Over at MBA Briefs, David’s hard at work honing the site’s focus. An interesting guy with a military & business background, he sent me a quick note mentioning how he plans to look more at personal finance as a business. I really liked the idea, and have been thinking about how many lessons could be taken from successful organizations.
One of his more recent articles, David explores the idea of “outsourcing” our personal lives in an effort to show that doing everything ourselves isn’t always in our best interest.
Well, I agree… but to an extent. Ever since reading that article, I’ve been thinking about what we outsource.
Then it hit me. It depends on WHAT you are outsourcing.
Outsourcing can mean a lot of things. Pictures are worth a thousand words, so I made a diagram to visually explain what I’m getting at.
Referring to the items above the center as “UPsourcing” and the items below as “DOWNsourcing”, we’ll start from the top and work our way through the chart.
For as hard as we try, it’s impossible to know everything about everything. When unique situations come along, we look to “specialists” for help. A specialist can be anything really: HVAC technician, computer help desk, estate lawyer, or ear-nose-throat doctor to name a few. They are expected to possess a wide array of knowledge on very narrow topics.
Which ties right into the next item, INTELLECT. Even for what we do know, we still have to rely on others’ expertise at times to guide us. For as similar as these characteristics are, I separated them for a very specific reason.
Deferring to a SPECIALIST could be considered ALWAYS worth upsourcing. Replacing your home’s heating/cooling system or preparing your family’s estate plan are both things best left to the experts. There’s too much at stake, any errors will be costly, and any reward/savings on your time and money will be minimal.
Much like the graph’s utilitarian color, INTELLECT is more of a gray area. As demonstrated above, upsourcing your intellect would be a good idea. But where do you draw the line?
I recently taught my friend how to change his own oil. Once we got situated (getting the tools, buying the oil, etc), we finished the entire job in less than 10 minutes. What got me excited was his comment, “I never realized how easy this was”.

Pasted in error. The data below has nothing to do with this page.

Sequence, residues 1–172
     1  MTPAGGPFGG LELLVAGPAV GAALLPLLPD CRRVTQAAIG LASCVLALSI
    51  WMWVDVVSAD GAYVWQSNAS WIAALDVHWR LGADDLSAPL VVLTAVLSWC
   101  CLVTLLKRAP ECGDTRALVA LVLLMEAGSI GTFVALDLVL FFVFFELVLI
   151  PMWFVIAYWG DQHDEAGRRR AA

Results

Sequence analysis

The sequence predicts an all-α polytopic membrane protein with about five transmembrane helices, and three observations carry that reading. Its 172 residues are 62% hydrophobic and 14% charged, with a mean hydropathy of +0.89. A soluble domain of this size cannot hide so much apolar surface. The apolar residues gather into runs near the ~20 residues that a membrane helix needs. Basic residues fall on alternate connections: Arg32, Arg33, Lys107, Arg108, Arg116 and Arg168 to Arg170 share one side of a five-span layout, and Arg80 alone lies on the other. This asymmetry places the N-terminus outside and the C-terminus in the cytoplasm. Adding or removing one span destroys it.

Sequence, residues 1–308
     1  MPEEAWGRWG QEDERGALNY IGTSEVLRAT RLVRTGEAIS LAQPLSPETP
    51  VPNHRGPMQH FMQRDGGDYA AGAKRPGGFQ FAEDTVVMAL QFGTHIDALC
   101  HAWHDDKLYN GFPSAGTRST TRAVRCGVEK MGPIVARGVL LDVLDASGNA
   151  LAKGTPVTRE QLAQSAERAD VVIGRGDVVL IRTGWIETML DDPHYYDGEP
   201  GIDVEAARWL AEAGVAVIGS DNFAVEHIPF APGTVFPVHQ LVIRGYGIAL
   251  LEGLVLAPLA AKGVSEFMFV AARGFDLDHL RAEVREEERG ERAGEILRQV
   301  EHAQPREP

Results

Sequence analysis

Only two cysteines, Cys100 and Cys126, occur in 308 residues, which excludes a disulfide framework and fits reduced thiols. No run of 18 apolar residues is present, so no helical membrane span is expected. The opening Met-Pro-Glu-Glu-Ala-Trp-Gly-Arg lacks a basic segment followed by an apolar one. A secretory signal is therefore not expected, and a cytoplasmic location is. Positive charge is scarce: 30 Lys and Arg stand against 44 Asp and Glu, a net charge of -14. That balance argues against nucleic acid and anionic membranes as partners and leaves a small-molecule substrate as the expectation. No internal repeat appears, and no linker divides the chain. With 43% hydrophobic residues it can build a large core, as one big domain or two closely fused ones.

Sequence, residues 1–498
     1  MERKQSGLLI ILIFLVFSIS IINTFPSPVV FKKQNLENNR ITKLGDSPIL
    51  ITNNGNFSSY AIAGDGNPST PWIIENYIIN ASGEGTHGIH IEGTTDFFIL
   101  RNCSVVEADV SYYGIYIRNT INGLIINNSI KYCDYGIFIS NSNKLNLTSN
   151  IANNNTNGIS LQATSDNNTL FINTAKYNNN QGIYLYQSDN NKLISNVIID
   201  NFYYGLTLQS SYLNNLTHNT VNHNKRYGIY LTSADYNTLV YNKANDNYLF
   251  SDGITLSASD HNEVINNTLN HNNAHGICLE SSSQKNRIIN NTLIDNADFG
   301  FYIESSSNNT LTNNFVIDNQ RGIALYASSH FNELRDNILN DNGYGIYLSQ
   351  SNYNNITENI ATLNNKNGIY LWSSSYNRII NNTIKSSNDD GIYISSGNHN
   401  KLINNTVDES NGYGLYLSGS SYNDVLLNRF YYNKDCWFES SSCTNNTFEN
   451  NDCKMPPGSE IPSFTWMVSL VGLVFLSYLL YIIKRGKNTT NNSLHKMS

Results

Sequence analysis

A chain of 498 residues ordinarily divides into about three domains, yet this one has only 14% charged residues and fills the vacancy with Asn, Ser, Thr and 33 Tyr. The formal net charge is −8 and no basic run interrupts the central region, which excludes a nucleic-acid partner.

He may choose to outsource this task in the future, but it won’t be due to a lack of INTELLECT. This is where the differentiation becomes important – are you upsourcing because of a highly-specialized field, lack of time, or out of ignorance?
Sometimes the opposite is true – we have the knowledge, but don’t have the LABOR or RESOURCES. Another example of something which should almost ALWAYS be outsourced, but this time, its downsourcing.
How many people have their own boom lift? Guessing not many, and some probably had to look up the term. It’s that retracting bucket tree services use to reach high-up branches. While cutting limbs is a relatively simple task, no one is going to buy expensive equipment for something they’ll use once a year, if that.
Now take the LABOR portion. Dentists “outsource” their routine cleanings by hiring hygienists. The dentist could easily perform the work personally, but they wouldn’t be able to see nearly as many patients in a day if they did that.
Aren’t we all in this predicament? Trying to be 10 different people in 10 different places at once, we’re constantly being drained of ENERGY and TIME. For as hard as I try, I can’t seem to squeeze 25 hours out of a day.
Here’s were the next form of downsourcing comes in. Many of our daily tasks are flat-out mundane and draining. Doing the dishes, walking the dog, and mowing the lawn are the classic examples. The tasks are simple enough to self-perform, but why want not outsource?
Because much like with INTELLECT, it depends on what you’re doing with that regained ENERGY and TIME. True story, a family member’s neighbor hired this guy to mow their lawn. They outsourced the work to him, and he in turn outsourced the work to physics.
Fairly clever, he tethered the mower handle to a steel pole. The mower would cut the lawn in circles as the rope wrapped around the pole. You’d think he’d use the extra time between pole relocations to trim the hedges, but you wouldn’t believe it – he stood there and watched.
It’s okay to outsource some daily tasks when you are taking night classes or have a big project at work. If you’re getting the house cleaned so you can watch the 2-hr premiere of Lost, maybe you should reconsider. ;)
When used effectively, outsourcing can be an extremely helpful tool. In order to be effective, make sure to understand WHICH WAY you are outsourcing.
So are you UPsourcing and DOWNsourcing?
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